Guppies, Swordtails, Platies & Other Livebearers
That Pet Placeby That Fish Place - That Pet Place11/7/2017 8:42 am
Origin:North, Central and South America
Tank Requirements:Provide plants, driftwood, and other hiding places for fry; will benefit from some aquarium salts (1 tablespoon for every 5 gallons of water).
Feeding:Omnivorous; will eat shrimp, flakes, small pellets or granules, and meaty frozen foods, such as brine shrimp and bloodworms; feed once daily.
Compatibility:Community Safe. Best kept one male with two or more females. An ideal community for variatus can include other variatus, other livebearers (platies, mollies, guppies, swordtails), rasboras, tetras, danios and some catfish from the Corydoras family.
Livebearers are fish that give birth to live, free-swimming babies instead of laying eggs. Common livebearing fish for tropical freshwater aquariums include Swordtails, Platies, Variatus, Mollies, and Guppies. These bright and peaceful little fish come in a variety of colors and patterns and can easily be placed in a tropical community. While these fish share many similarities in behavior and care needs, there are subtle differences that set them apart.
These fish are some of the easiest to determine gender. The anal fin, known as the "gonopodium", is help pointed and tube-like on males while it is open and fan-like on females (as seen in the photo above). Swordtail mature males are easily identified by the elongated lower lobe of their tail fin. Males may show aggression towards each other in the aquarium. Platies and variatus have a slightly more stocky build than swordtails. Otherwise they are very similar and may even interbreed. Mollies are even more robust and have the ability to adapt to a wide range of salinity; they can live in pure freshwater or ocean water. Guppies, particularly males, are easily recognized by their huge tails and amazing coloration. Many other livebearer species exist, but they are not as frequently offered for aquariums.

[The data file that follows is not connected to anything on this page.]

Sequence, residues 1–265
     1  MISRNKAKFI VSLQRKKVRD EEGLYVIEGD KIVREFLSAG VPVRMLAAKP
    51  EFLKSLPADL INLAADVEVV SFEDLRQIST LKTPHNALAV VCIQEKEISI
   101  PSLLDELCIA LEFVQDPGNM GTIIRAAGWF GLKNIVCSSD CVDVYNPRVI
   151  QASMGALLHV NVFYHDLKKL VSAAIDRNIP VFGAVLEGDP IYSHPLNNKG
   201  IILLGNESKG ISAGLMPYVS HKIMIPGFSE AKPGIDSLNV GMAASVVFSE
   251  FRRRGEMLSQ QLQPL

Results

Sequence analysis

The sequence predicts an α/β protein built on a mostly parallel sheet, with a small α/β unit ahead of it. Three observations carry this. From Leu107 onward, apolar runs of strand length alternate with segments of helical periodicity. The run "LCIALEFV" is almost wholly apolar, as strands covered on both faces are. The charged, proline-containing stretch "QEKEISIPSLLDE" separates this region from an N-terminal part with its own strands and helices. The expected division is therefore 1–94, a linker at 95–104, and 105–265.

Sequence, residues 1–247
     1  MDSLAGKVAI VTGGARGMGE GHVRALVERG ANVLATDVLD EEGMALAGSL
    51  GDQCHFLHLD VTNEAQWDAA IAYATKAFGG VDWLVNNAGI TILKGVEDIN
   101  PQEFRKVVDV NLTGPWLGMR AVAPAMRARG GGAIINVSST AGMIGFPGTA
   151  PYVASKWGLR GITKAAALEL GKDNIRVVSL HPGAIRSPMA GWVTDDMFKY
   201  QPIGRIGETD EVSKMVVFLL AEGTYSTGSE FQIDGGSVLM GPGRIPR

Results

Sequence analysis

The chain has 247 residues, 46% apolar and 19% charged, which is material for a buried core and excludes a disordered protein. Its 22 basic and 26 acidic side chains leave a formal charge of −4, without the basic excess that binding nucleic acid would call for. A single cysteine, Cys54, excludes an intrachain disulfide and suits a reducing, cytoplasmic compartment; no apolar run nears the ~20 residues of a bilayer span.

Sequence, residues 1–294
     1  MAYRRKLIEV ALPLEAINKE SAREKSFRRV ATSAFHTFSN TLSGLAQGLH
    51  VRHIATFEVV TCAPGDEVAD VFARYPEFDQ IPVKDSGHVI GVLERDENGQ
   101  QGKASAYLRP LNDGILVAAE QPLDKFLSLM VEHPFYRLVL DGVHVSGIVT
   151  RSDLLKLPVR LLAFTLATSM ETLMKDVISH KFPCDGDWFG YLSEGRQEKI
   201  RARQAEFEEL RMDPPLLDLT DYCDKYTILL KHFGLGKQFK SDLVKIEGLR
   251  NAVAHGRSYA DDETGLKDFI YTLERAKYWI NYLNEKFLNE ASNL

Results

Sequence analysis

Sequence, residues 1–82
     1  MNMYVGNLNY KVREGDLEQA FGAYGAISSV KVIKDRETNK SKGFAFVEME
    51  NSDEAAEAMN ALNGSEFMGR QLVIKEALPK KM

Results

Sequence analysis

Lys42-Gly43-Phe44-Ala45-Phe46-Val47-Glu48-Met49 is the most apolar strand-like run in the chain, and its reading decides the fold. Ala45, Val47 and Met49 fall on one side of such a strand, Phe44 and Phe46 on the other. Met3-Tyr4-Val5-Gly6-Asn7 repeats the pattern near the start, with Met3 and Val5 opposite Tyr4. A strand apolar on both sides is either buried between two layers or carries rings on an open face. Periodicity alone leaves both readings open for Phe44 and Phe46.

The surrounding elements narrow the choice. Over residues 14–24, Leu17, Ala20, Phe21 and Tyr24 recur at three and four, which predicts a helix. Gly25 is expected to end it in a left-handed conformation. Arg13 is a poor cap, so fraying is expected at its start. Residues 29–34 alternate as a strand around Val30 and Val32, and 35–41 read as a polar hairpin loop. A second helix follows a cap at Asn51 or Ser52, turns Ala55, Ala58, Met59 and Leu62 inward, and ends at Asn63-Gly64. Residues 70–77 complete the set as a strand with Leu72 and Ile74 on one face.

Livebearers are best-known for their prolific breeding. Livebearers have the ability to deliver several batches of young from a single fertilization from a male. Gestation ranges from 4-6 weeks or 8-10 weeks for larger species. Each batch may number from 25 to more than 100. Most Livebearer parents will eat their babies. To collect or protect the babies, place pregnant females into a breeder net or trap until she delivers, or provide plenty of plants and ornaments where the fry can find safe haven to grow. In a planted tank at least some of the young usually survive.
Keep livebearers in a well-maintained aquarium with live or artificial plants. They prefer a little aquarium salt, though it is not necessary. These fish are peaceful in community tanks. Purchase one male with at least two females of the same species. They will feed on any commercial flake or pellet food, and may also be fed small freeze-dried or frozen foods as treats periodically. They will also eat some algae.
We always suggest that you do further research before adding a new pet to your tank. What we have provided for you are guidelines and suggestions. If you have any further questions or concerns, please contact our fish room at 717-299-5691 ext. 1213 or firstname.lastname@example.org.
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